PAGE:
If there’s something that’s noticeably better than the simple (but effective) graphics in ‘Ms Pac-Man’, it’s the awesome sound effects. This is the Lynx truly playing to its strengths. The sounds of dot chomping, the power-up tones and the various other noises are all brilliantly executed. I really felt like I was back at the arcade as I munched around the scenery, ate the various fruit power-ups and scored the (rare) extra life... once I racked up 10000 points! There’s no “in-level music”; audio tracks only really emanate when there’s a cutscene. But honestly, I’ll go out on a limb and say that you don’t need music in a game of this nature. It would only distract, and the various ‘Pac-Man’ game incarnations never really had music either. It’s certainly nice to see another Lynx game title that once again shows how well the Atari Lynx does arcade sound conversions.
So how does the game control? Very nicely. You only need to use the d-pad (90% of the time). This will guide Ms Pac-Man through the various mazes, and quick presses will turn corners. The only time you’ll use a button is when you score a power-up and want to activate it. Yes, the Lynx version of ‘Ms Pac-Man’ did get one very special inclusion; a “lightning bolt” power-up that temporarily makes your character super fast. This is a cool addition, and although it lasts for a short amount of time, you’ll risk bow and lipstick to get it. All up, the controls are highly dependable and make your journey easy, even though you’ll know in the back of your mind that those ghosts are gonna get you eventually... you just have to see how high a score you can achieve on the way!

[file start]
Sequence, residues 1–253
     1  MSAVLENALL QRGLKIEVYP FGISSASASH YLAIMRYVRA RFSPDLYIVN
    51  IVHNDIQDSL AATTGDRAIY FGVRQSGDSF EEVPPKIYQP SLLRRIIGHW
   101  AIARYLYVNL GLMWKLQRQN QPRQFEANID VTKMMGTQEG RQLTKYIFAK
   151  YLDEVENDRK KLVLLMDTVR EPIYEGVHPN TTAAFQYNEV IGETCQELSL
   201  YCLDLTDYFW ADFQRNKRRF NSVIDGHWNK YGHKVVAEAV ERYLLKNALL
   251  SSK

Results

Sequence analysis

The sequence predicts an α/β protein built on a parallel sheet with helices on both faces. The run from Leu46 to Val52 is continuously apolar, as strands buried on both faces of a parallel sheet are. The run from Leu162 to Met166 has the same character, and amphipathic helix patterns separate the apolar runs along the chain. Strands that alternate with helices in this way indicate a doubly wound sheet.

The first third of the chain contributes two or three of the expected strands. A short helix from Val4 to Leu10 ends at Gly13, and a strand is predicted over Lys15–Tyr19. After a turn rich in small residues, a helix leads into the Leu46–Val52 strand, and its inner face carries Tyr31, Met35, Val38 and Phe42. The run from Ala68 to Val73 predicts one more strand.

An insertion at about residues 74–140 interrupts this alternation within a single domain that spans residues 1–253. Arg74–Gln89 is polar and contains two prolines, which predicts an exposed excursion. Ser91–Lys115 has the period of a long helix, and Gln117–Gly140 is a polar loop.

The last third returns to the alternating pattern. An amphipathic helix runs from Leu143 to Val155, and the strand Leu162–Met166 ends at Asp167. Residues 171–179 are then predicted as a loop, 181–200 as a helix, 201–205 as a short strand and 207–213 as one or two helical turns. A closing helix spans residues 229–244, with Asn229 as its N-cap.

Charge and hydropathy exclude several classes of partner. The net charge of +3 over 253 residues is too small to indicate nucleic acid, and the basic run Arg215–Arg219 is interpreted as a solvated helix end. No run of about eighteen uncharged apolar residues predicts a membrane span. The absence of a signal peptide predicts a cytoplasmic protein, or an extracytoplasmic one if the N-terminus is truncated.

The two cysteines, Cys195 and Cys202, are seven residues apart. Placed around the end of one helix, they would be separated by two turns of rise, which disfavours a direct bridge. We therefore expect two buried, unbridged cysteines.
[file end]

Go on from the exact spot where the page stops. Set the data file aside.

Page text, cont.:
So are there any downsides to this very popular game released to the arcades in 1981? Well, the lead-in sentence I just wrote should hint that this is an OLD game. It doesn’t feel very modern, both in how it looks or how it sounds. But, here’s the thing... it does feel timeless. The designers really made sure this game was faithful to the original. Plus, there are some great customisations, like being able to choose a more advanced level or a larger map size - really cool. Sure, you could argue that the stages look similar to each other, and that the game doesn’t have a lot of variation. But the original was simple in its premise too, and look at the legacy it has; you can even watch Pac-Man on Netflix today! Naturally official Lynx games like this one can’t save your scores, but you can always take a photo of your points; just like the arcade, right?
The conclusion that can be made for ‘Ms Pac-Man’ is that, really, it’s pretty great. If I could talk to the people involved in porting this game to the Lynx, I’d say “Well done”. The original concept is here. The four ghosts are present. The action is fast paced and frantic. The sound rocks. And there’s some nice little added customisations to round out the experience. Though it feels dated when you compare it to the modern games of today, it’s still a pick-up-and-play classic and a compulsory title in the Lynx library. It sits very nicely along ‘Robotron 2084’ and ‘Joust’, and is “A grade” all the way. Move over Pac-Man, your future wife just outshone you in on the Lynx. This is a class title. Get chomping!Score Card
This review was submitted by Jon Mc from JMac Productions